The Maltese alphabet is based on the Latin alphabet with the addition of some letters with diacritic marks and digraphs. It is used to write the Maltese language, which evolved from the extinct Siculo-Arabic dialect, as a result of 800 years independent development. It contains 30 letters:Aa Bb Ċċ Dd Ee Ff Ġġ Gg Għgħ Hh Ħħ Ii Ieie Jj Kk
Ll Mm Nn Oo Pp Qq Rr Ss Tt Uu Vv Ww Xx Żż Zz
Before the standardisation of the Maltese alphabet, there were several ways of writing the sounds peculiar to Maltese, namely ċ, ġ, għ, ħ, w, x, and ż.
ċ was formerly written as c (in front of e and i, in Italian fashion). Vella used ç for ċ. ç was used in other books during the 19th century. Rather than using a c with a cedilla (ç), Panzavecchia used a c with ogonek (c̨). A Short Grammar of the Maltese Language used ch for ċ, in English fashion. It was not until 1866 that ċ came to be used.
ġ and g were formerly confused. When they were differentiated, g was written as gk, g, gh and (by Vassalli) as a mirrored Arabic/Syriac gimel resembling a sideways V. On the other hand, ġ was more commonly written as g or j in English fashion. Vella used a g with two dots, but in 1843 reduced it to one dot, instituting today’s ġ.
Until the middle of the 19th century, two għ sounds were differentiated in Maltese. These were variously represented as gh, ġh, gh´, gh˙ and with two letters not represented in Unicode (they resembled an upside down U). Panzavecchia used a specially designed font with a curly gh. A Short Grammar of the Maltese Language used a with a superscript Arabic ayn to represent għ. għ itself was first used in Nuova guida alla conversazione italiana, inglese e maltese.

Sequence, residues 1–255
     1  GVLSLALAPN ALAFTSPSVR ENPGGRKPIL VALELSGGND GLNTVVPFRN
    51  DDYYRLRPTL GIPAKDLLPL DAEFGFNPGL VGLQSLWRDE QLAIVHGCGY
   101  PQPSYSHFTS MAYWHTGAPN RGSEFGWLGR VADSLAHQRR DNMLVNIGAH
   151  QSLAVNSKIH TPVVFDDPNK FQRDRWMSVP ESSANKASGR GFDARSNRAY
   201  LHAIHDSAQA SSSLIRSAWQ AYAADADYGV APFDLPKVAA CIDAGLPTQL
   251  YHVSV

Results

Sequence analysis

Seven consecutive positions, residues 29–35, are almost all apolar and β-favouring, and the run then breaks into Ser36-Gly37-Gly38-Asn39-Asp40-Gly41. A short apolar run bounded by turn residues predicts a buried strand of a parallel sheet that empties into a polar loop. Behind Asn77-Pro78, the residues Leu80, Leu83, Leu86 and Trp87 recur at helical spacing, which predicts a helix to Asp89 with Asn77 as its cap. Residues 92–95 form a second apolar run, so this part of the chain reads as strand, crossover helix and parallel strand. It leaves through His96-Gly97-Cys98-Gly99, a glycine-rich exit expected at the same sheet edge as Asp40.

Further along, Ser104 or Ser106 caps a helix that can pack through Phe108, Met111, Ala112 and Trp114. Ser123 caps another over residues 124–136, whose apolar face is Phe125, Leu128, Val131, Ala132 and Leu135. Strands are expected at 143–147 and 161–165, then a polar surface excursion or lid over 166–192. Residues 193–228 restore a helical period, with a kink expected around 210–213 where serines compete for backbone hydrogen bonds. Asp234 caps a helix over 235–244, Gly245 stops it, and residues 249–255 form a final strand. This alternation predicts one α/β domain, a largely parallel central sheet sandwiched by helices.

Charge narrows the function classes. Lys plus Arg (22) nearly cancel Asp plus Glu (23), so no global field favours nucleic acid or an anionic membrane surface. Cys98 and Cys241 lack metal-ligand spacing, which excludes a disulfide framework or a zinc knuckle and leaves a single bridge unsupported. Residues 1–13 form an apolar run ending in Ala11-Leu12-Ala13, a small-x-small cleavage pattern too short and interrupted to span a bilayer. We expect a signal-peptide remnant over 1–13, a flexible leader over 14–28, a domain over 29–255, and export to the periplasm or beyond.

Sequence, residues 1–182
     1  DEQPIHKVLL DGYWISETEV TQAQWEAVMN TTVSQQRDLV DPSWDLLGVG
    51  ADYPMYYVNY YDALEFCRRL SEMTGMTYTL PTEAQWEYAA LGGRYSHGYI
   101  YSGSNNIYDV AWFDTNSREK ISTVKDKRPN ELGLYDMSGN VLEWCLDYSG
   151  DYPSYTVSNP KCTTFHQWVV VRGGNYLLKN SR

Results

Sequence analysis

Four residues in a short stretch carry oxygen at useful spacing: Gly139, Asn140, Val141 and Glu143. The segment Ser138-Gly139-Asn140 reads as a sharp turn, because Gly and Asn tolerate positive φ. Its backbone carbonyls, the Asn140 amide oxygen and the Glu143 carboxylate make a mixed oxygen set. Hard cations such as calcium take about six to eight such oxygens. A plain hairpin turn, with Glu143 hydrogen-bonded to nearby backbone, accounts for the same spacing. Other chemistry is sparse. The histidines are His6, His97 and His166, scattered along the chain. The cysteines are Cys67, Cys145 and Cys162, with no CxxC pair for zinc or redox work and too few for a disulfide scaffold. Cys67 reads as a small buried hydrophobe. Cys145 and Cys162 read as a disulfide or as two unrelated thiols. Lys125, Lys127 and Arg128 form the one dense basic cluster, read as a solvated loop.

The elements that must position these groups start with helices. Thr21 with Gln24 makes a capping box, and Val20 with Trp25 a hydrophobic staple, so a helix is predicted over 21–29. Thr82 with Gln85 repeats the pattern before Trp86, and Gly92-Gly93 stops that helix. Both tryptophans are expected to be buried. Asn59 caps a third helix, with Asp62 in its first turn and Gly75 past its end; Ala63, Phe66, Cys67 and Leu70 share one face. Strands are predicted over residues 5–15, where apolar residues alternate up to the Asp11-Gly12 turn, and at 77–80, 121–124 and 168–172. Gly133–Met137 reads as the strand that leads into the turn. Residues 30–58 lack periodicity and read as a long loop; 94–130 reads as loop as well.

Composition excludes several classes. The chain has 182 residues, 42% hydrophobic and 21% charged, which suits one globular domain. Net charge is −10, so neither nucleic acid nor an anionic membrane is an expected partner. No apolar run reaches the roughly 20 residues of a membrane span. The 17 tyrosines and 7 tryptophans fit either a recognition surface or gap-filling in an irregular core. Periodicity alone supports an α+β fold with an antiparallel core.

The letter ħ had the most variations before being standardised in 1866. It was variously written as ch, and as a h with various diacritics or curly modifications. Some of these symbols were used for [ħ] and some for [x]. None of these are present in Unicode. ħ was first used in 1900, although the capital Ħ was used earlier (in 1845) where its lower case counterpart was a dotted h.
w was written as w, u or as a modified u (not present in Unicode).
x was traditionally written as sc or x. Vassalli invented a special character similar to Ɯ, just wider, and Panzavecchia used a sc ligature to represent x.
ż and z were formerly confused. When they were differentiated, z was written as ts, z, ʒ or even ż. On the other hand, ż was written as ż, ds, ts, ʒ and z.
Prior to 1900, k was written as k, as well as c, ch and q (in words derived from Italian and Latin).
Vassalli’s 1796 work contained several new letters to represent the sounds of the Maltese language, which included the invention of several ad-hoc letters as well as the importation of Cyrillic ge, che, sha, and ze. His alphabet is set out in full with modern-day equivalents where known:
A, a = a
B, b = b
T, t = t
D, d = d
E, e = e
F, f = f
[a clockwise-turned V, or a Syriac/Arabic gimel open to the right] = g
[Ч], ɥ = ċ
H, h = h
[like an upside down ȣ]
[like a ɸ,Φ without the ascenders/descenders]
Y, y = j
[vertically mirrored Г] = ġ
[a clockwise-turned U] = ħ
I, i = i
J, j = j
K, k = k
[I with a small c superimposed on it]
L, l = l
M, m = m
N, n = n
O, o = o
P, p = p
R, r = r
S, s = s
Ɯ, ɯ = x
V, v = v
U, u = u
W, w = w
Z, z = z
Ʒ, ʒ = ż
Æ, æ = final e
To these, five grave accented vowels are also used: Àà; Èè; Ìì; Òò; Ùù